we are shown daily in the news,
wars between developed countries
are no longer commonplace.
The murder rate in Europe
has dropped by a factor of 30
since the Middle Ages.
And occurrences of civil war and repression
have declined since the end of the Cold War.
Statistics show
that we are living
in a relatively peaceful era.
Why has violence decreased?
Has the human mind changed?
Well we were talking on the human mind this morning.
Did we simply lose our beastly impulses
for revenge,
for violent rituals,
for pure rage?
Or is there something else?
In his latest book,
Harvard professor Steven Pinker --
and many other thinkers before him --
concludes that one of the main drivers
behind less violent societies
is the spread of the constitutional state
and the introduction on a large scale
of the state monopoly
on the legitimized use of violence --
legitimized by a democratically elected government,
legitimized by checks and balances
and an independent judicial system.
In other words, a state monopoly
that has the use of violence
well under control.
Such a state monopoly on violence,
first of all, serves
as a reassurance.
It removes the incentive
for an arms race
between potentially hostile groups
in our societies.
Secondly, the presence of penalties
that outweigh the benefits of using violence
tips the balance even further.
Abstaining from violence
becomes more profitable
than starting a war.
Now nonviolence starts to work
like a flywheel.
It enhances peace even further.
Where there is no conflict,
trade flourishes.
And trade is another important incentive
against violence.
With trade, there's mutual interdependency
and mutual gain between parties.
And when there is mutual gain,
both sides stand to lose more
than they would gain
if they started a war.
War is simply
no longer the best option,
and that is why violence has decreased.
This, ladies and gentlemen,
is the rationale behind the existence
of my armed forces.
The armed forces
implement the state monopoly on violence.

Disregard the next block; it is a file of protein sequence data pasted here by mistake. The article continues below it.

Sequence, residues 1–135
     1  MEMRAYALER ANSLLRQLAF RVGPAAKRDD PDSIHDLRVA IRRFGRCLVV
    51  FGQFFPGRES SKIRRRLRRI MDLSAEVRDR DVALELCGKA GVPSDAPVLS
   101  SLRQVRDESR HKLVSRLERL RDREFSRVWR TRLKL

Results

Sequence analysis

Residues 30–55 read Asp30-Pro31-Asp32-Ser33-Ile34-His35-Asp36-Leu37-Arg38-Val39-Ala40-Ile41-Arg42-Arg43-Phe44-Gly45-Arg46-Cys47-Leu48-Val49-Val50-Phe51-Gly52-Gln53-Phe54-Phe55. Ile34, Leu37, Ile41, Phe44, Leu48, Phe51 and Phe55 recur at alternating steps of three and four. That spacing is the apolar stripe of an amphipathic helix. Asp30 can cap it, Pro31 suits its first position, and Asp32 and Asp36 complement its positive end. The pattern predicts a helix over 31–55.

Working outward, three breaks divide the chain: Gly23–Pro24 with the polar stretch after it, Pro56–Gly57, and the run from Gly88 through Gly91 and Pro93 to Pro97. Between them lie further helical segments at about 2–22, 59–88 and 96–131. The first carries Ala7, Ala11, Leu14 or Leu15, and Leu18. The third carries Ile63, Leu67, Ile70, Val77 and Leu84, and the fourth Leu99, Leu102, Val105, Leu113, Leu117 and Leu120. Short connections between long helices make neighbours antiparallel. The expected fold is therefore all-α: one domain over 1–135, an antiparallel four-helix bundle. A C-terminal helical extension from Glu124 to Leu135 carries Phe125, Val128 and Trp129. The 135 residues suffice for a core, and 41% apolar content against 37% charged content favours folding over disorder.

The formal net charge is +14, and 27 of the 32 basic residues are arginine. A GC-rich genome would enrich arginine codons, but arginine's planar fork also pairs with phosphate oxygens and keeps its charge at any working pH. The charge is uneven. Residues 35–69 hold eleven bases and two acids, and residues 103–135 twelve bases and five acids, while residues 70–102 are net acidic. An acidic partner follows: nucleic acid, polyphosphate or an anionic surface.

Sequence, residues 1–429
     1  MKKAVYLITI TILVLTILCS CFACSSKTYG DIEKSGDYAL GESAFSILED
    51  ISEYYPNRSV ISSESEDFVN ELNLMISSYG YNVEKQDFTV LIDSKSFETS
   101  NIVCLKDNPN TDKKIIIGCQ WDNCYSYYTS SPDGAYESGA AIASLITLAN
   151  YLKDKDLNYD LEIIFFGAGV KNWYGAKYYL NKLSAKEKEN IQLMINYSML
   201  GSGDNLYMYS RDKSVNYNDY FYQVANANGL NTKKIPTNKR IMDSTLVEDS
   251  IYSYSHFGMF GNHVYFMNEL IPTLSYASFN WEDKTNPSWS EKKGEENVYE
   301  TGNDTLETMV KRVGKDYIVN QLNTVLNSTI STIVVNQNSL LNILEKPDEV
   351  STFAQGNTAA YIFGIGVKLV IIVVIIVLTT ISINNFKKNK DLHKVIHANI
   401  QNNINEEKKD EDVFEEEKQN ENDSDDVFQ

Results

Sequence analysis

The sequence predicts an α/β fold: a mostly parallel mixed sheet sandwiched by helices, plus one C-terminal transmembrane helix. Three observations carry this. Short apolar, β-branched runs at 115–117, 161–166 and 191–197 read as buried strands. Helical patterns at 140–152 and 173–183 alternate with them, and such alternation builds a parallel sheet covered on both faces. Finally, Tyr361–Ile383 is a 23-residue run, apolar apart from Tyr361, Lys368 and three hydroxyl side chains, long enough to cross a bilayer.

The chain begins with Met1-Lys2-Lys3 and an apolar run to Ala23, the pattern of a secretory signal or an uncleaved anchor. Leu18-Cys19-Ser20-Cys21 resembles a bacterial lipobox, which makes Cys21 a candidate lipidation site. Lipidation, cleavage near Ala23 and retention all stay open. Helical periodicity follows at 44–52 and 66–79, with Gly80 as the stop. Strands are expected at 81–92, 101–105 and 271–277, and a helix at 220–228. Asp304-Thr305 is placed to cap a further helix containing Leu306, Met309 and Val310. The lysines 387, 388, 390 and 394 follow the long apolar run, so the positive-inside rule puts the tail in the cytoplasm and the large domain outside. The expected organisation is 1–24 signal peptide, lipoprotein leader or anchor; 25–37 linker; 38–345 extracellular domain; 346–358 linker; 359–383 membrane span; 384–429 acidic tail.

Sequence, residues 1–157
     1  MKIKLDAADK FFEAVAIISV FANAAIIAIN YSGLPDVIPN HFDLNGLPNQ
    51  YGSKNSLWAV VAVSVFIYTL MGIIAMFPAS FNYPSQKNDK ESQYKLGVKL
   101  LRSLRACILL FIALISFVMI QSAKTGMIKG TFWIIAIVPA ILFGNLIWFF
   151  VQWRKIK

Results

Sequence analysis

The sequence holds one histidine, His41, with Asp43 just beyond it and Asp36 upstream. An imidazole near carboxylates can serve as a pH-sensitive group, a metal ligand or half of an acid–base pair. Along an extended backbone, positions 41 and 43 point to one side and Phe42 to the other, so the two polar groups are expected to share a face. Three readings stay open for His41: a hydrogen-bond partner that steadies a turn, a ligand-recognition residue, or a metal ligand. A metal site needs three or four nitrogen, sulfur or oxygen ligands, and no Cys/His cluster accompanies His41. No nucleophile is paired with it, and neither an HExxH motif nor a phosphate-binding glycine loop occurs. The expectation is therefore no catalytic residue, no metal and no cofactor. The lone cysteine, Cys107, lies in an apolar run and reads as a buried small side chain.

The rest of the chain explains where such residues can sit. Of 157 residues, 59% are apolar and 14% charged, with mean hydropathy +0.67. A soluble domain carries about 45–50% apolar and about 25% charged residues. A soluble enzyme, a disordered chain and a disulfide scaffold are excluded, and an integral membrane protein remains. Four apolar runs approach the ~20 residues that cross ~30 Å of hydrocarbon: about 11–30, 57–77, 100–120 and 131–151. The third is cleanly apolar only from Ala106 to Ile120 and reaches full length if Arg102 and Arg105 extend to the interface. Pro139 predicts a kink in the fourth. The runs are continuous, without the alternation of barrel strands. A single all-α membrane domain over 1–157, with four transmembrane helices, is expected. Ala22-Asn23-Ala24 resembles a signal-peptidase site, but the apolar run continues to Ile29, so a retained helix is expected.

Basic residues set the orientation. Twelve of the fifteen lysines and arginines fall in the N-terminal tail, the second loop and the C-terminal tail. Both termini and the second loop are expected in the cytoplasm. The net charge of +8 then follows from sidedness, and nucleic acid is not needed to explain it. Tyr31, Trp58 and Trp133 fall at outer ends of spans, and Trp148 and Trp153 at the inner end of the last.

We do this in a legitimized way
only after our democracy has asked us
to do so.
It is this legitimate,
controlled use of the gun
that has contributed greatly
to the statistics of war,
conflict and violence
around the globe.
It is this participation in peacekeeping missions
that has led to the resolution
of many civil wars.
My soldiers use the gun
as an instrument of peace.
And this is exactly why failed states
are so dangerous.
Failed states
have no legitimized, democratically controlled use of force.
Failed states do not know of the gun
as an instrument of peace and stability.
That is why failed states
can drag down a whole region
into chaos and conflict.
That is why spreading the concept
of the constitutional state
is such an important aspect
of our foreign missions.
That is why
we are trying to build a judicial system
right now in Afghanistan.
That is why we train police officers,
we train judges,
we train public prosecutors around the world.
And that is why --
and in The Netherlands, we are very unique in that --
that is why the Dutch constitution states
that one of the main tasks
of the armed forces
is to uphold and promote
the international rule of law.
Ladies and gentlemen,
looking at this gun,
we are confronted
with the ugly side of the human mind.
Every day I hope
that politicians, diplomats,
development workers
can turn conflict
into peace
and threat
into hope.
And I hope that one day
armies can be disbanded
and humans will find a way of living together
without violence and oppression.
But until that day comes,
we will have to make ideals
and human failure
meet somewhere in the middle.
Until that day comes,
I stand for my father
who tried to shoot the Nazis
with an old gun.
I stand for my men and women
who are prepared to risk their lives
for a less violent world for all of us.
I stand for this soldier
who suffered partial hearing loss
and sustained permanent injuries to her leg,
which was hit by a rocket
on a mission in Afghanistan.
Ladies and gentlemen,
until the day comes
when we can do away with the gun,
I hope we all agree
that peace and stability
do not come free of charge.
It takes hard work,
often behind the scenes.
It takes good equipment
and well-trained, dedicated soldiers.
I hope you will support the efforts
of our armed forces
to train soldiers
like this young captain
and provide her with a good gun,
instead of the bad gun my father was given.
I hope you will support our soldiers
when they are out there,
when they come home
and when they are injured
and need our care.
They put their lives on the line,
for us, for you,
and we cannot let them down.
I hope you will respect my soldiers,
this soldier with this gun.
Because she wants a better world.
Because she makes an active contribution
to the better world,
just like all of us here today.
Thank you very much.
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【TED】Peter van Uhm: Why I chose a gun (Peter van Uhm: Why I chose a gun)

7161 Folder Collection
Tawan Lee published on October 30, 2015